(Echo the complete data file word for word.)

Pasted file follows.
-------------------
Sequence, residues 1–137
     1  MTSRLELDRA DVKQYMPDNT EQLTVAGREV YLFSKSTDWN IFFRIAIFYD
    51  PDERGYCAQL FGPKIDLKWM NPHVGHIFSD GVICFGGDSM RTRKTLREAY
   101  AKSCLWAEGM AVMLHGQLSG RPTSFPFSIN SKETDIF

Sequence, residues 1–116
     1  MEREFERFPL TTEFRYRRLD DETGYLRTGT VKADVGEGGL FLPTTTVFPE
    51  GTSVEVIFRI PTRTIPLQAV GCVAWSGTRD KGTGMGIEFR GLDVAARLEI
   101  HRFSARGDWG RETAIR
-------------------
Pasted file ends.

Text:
Sequence, residues 1–137
     1  MTSRLELDRA DVKQYMPDNT EQLTVAGREV YLFSKSTDWN IFFRIAIFYD
    51  PDERGYCAQL FGPKIDLKWM NPHVGHIFSD GVICFGGDSM RTRKTLREAY
   101  AKSCLWAEGM AVMLHGQLSG RPTSFPFSIN SKETDIF

Sequence, residues 1–116
     1  MEREFERFPL TTEFRYRRLD DETGYLRTGT VKADVGEGGL FLPTTTVFPE
    51  GTSVEVIFRI PTRTIPLQAV GCVAWSGTRD KGTGMGIEFR GLDVAARLEI
   101  HRFSARGDWG RETAIR